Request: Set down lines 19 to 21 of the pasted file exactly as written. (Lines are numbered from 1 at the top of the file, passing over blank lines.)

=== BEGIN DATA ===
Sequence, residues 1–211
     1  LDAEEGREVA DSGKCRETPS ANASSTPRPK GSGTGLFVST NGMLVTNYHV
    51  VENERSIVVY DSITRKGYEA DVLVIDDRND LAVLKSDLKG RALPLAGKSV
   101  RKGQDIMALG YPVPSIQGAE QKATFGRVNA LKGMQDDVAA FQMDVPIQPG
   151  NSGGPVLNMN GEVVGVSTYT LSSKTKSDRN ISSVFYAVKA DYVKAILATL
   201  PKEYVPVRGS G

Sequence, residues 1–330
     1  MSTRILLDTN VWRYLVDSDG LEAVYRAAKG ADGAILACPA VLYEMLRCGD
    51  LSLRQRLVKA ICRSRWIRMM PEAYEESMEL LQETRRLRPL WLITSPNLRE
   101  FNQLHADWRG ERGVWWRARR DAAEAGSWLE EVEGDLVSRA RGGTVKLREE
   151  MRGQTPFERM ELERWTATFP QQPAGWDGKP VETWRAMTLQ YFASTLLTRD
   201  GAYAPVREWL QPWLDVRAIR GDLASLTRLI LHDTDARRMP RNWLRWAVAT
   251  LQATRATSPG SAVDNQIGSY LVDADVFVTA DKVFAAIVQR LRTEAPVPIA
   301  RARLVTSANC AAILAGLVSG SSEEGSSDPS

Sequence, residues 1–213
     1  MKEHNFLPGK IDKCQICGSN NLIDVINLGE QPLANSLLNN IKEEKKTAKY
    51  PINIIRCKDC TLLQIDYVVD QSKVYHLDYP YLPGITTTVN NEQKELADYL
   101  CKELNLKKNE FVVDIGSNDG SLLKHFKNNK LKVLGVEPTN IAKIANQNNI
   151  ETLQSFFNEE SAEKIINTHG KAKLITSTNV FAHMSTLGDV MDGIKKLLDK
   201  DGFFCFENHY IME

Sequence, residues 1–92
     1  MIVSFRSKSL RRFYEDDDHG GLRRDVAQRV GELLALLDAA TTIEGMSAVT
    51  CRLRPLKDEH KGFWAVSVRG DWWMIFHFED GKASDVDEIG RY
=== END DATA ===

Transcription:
   151  ETLQSFFNEE SAEKIINTHG KAKLITSTNV FAHMSTLGDV MDGIKKLLDK
   201  DGFFCFENHY IME

Sequence, residues 1–92